It was very interesting.
After lots of testing the doctors hypothesized “Transient Global Amnesia.” It happened on Sunday evening.
On Monday morning I felt strangely rejuvenated.
“Strangely” because one might think that an evening in the hospital, being poked and prodded, CAT scanned and MRI’d, blood pressured and temperature checked, might have resulted in exhaustion instead. Somehow it didn’t. Somehow it was rejuvenating.
The doctors made clear that “Transient Global Amnesia” wasn’t their diagnosis but instead their hypothesis.
They told me it’s the thing they hypothesize about people who “check out” for a bit and don’t show any signs of the really scary stuff that can sometimes be associated with “checking out” for a bit.
They said I’m fine. I was happy to hear it. Lorelei (my wife) was really happy to hear it.
All told I asked some goofy questions, made some confusing statements, and didn’t remember a couple of hours of my evening…and then I felt rejuvenated.
I’m not a doctor, and even when I become one I won’t be that kind of doctor, but here again is my hypothesis: “nothing.”
Since no one’s sure what exactly happened to me I’m decidedly going with “nothing.”
It was unintentional this time, but given that I experienced what seemed to be some genuine and powerful healing outcomes as a result, I’m left wondering how I can reproduce it with intentionality. “Nothing,” that is.
Is it possibly for me to take time for “nothing” every now and again or do I have to have some hypothetical “Transient Global Amnesia” for that?
In reflection, I’m choosing to believe that the few hours I “lost” were actually spent in a deep state of forced mindfulness, ironically making that time a net gain.
I’ve decided to believe that my mind wisely powered down.
I’m feeling confident it was a good decision. Imagine that, my mind might just be a better decision maker than I am. Go figure.
I can learn, though.
What I’m learning from this experience is that “nothing” might actually be “something,” and “something” pretty special at that.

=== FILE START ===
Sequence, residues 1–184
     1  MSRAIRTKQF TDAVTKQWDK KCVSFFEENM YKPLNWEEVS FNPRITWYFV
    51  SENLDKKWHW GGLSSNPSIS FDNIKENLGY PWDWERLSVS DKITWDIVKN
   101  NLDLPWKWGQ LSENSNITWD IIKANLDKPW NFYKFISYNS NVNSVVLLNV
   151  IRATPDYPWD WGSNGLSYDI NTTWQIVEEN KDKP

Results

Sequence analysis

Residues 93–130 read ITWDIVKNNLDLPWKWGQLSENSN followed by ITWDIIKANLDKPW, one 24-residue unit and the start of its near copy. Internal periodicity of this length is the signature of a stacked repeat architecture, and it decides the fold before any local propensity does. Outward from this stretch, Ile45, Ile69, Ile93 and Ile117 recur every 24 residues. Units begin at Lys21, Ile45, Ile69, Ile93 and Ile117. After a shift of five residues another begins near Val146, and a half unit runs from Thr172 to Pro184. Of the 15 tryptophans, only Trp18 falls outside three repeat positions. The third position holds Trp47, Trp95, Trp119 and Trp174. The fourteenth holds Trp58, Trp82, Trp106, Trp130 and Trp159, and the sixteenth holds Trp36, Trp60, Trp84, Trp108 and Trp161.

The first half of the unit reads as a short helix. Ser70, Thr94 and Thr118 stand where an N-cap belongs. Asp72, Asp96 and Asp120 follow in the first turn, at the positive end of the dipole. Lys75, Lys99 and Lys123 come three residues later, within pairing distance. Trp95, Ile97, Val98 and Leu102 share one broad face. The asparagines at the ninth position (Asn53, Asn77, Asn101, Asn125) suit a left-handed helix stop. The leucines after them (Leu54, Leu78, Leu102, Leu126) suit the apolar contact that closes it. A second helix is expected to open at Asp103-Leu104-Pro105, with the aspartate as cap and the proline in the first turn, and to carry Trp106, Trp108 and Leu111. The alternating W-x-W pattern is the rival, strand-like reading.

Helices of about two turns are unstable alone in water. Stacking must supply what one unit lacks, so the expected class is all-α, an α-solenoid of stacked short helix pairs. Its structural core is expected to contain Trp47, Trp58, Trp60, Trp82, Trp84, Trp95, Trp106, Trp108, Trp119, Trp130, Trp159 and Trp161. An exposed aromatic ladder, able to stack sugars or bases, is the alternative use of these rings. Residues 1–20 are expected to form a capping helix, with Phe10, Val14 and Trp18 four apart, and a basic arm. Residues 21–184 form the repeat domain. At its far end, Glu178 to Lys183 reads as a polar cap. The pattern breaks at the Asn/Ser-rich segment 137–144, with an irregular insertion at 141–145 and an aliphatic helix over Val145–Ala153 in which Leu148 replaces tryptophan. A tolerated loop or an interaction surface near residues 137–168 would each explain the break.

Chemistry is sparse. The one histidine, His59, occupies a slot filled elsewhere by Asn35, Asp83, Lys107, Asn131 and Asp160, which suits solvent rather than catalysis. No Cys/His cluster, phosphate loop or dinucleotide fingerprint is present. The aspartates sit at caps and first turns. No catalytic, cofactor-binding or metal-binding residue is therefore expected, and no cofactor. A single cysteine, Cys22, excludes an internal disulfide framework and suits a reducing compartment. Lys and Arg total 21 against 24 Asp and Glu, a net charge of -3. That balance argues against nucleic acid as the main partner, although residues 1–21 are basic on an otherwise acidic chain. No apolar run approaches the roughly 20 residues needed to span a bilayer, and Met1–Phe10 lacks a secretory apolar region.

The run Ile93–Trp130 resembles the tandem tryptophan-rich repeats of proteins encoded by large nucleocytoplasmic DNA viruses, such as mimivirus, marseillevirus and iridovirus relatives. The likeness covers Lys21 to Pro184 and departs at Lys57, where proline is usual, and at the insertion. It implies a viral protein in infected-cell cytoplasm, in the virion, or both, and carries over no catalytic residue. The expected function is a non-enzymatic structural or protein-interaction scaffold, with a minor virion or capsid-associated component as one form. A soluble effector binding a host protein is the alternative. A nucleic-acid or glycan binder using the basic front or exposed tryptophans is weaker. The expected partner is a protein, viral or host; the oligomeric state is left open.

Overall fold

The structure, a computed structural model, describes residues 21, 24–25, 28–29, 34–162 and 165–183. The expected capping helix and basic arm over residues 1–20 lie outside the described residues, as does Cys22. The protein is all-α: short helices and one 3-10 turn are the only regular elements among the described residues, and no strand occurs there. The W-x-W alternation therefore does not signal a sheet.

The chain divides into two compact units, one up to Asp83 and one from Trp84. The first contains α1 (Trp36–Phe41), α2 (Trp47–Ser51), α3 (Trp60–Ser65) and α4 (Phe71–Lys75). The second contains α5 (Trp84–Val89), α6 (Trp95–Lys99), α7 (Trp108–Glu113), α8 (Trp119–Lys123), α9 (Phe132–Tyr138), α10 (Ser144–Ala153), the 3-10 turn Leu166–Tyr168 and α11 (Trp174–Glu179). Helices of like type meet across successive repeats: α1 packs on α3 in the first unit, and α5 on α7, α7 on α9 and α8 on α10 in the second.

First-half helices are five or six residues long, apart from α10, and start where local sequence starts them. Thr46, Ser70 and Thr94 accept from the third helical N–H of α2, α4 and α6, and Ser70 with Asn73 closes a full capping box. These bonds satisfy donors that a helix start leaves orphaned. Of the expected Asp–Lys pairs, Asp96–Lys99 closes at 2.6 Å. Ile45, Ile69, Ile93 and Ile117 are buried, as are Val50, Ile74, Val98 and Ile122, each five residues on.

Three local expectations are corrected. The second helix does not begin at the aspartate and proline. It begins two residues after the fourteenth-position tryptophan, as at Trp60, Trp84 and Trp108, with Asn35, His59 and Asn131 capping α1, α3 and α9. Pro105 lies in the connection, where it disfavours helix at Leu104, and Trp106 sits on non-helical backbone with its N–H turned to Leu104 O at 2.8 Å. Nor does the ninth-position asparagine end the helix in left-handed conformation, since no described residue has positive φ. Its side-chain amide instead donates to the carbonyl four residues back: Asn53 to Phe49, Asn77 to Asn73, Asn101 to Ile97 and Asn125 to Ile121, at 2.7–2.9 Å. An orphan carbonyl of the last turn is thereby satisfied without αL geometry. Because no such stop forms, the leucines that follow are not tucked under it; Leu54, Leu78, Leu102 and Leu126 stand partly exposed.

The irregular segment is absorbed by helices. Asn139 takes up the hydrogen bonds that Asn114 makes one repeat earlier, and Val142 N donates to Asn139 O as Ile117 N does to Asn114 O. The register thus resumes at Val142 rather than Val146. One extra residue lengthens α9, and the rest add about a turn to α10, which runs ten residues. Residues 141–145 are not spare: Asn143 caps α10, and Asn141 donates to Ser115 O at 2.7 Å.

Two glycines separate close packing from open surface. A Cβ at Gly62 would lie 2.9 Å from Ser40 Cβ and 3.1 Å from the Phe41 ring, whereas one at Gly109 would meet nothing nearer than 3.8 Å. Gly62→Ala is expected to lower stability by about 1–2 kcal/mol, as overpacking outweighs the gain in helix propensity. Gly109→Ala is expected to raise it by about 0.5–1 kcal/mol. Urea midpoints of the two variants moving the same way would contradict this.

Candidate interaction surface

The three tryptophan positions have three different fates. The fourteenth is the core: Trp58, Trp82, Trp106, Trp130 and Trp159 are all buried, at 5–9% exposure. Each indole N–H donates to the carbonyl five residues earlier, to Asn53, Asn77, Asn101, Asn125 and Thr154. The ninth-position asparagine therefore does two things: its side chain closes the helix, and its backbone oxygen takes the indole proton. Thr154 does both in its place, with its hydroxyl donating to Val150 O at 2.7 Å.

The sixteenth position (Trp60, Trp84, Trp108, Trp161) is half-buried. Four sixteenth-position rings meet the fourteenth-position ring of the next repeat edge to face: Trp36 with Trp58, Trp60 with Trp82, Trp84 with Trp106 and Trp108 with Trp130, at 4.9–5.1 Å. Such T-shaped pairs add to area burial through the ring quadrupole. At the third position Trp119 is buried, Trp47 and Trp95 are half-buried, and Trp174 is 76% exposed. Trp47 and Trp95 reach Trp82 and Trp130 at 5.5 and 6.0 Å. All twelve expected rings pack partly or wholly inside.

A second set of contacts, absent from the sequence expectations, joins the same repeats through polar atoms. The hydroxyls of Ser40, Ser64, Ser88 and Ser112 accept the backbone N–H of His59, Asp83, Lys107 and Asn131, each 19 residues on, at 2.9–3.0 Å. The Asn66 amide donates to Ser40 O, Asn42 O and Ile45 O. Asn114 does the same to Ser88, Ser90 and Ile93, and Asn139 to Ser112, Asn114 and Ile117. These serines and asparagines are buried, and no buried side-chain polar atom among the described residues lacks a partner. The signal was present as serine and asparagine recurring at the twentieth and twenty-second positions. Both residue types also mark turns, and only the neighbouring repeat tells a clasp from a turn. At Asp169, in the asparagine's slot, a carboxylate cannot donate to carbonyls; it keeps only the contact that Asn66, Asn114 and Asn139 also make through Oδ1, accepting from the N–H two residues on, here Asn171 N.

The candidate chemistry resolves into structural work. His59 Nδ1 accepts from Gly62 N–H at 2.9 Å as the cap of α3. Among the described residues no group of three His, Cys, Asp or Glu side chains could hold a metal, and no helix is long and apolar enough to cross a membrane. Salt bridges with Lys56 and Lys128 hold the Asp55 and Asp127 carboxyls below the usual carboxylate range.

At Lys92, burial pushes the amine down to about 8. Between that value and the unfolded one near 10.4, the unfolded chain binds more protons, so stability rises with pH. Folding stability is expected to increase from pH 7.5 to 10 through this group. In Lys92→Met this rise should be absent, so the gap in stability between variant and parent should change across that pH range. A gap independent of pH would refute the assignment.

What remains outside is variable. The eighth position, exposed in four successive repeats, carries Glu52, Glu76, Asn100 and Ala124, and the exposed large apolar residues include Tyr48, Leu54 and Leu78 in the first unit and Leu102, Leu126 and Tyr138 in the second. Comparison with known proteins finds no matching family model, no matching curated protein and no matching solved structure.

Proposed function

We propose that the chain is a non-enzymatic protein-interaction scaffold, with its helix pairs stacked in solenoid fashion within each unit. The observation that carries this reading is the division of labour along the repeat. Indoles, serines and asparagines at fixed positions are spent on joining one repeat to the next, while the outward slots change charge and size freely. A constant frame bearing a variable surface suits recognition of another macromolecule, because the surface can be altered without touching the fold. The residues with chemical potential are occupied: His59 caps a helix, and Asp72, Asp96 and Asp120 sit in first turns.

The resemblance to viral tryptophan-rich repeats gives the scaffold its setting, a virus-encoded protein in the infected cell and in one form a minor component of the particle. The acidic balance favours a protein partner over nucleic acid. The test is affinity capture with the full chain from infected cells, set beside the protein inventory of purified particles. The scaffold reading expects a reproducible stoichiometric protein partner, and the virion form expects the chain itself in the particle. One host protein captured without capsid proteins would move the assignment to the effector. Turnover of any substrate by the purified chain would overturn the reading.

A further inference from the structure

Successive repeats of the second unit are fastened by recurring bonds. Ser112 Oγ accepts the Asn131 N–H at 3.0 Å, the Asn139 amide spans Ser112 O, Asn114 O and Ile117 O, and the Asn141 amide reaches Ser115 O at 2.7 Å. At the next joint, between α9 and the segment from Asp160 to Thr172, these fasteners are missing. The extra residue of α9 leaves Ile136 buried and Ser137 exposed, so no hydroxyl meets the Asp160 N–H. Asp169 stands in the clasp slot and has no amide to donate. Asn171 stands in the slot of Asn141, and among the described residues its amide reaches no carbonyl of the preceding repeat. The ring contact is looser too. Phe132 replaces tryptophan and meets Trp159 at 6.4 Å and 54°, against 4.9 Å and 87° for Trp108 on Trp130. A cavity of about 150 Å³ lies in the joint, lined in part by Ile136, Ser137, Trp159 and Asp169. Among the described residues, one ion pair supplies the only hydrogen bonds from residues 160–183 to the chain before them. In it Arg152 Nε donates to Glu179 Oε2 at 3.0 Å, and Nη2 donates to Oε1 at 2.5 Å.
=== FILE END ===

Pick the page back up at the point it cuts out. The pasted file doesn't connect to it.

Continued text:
What if I could force myself into a state of “nothing” every once in a while?
What if I could remove the questions, the worries, and the wonders, and simply clear the space out?
What if I could clean my mind up every so often?
What if I could periodically take some time to not think?
What if I could spend some moments not planning, not organizing, and not designing?
What if I could intentionally engage in some mental Feng Shui as needed?
You know how it feels really good to clean out and organize a physical space before moving on to the tasks of the time? Why not apply that same principal to a mental space?
What if I could reproduce the rejuvenation I felt after “checking out” for a few hours earlier this week?
Could be healthy. Could be meaningful.
I understand that this is not an original thought. It’s just that it’s making so much sense to me in the moment.
I once read about a young monk and an old monk sitting next to one another meditating. The young monk eventually began to get restless. He looked at the old monk as if to ask, “Well?”
Without turning his head or opening his eyes the old monk said, “Nothing happens next. This is it.”
As I move forward bent on working to enhance my mindfulness practice I’m filled with gratitude for the meaningful experience I had this week. Strange and even scary in some ways, but meaningful to be sure.
So, thanks for “nothing” Transient Global Amnesia. I’ll try real hard to not waste it.
Live. Love. Listen. Learn. Lead., Thanks.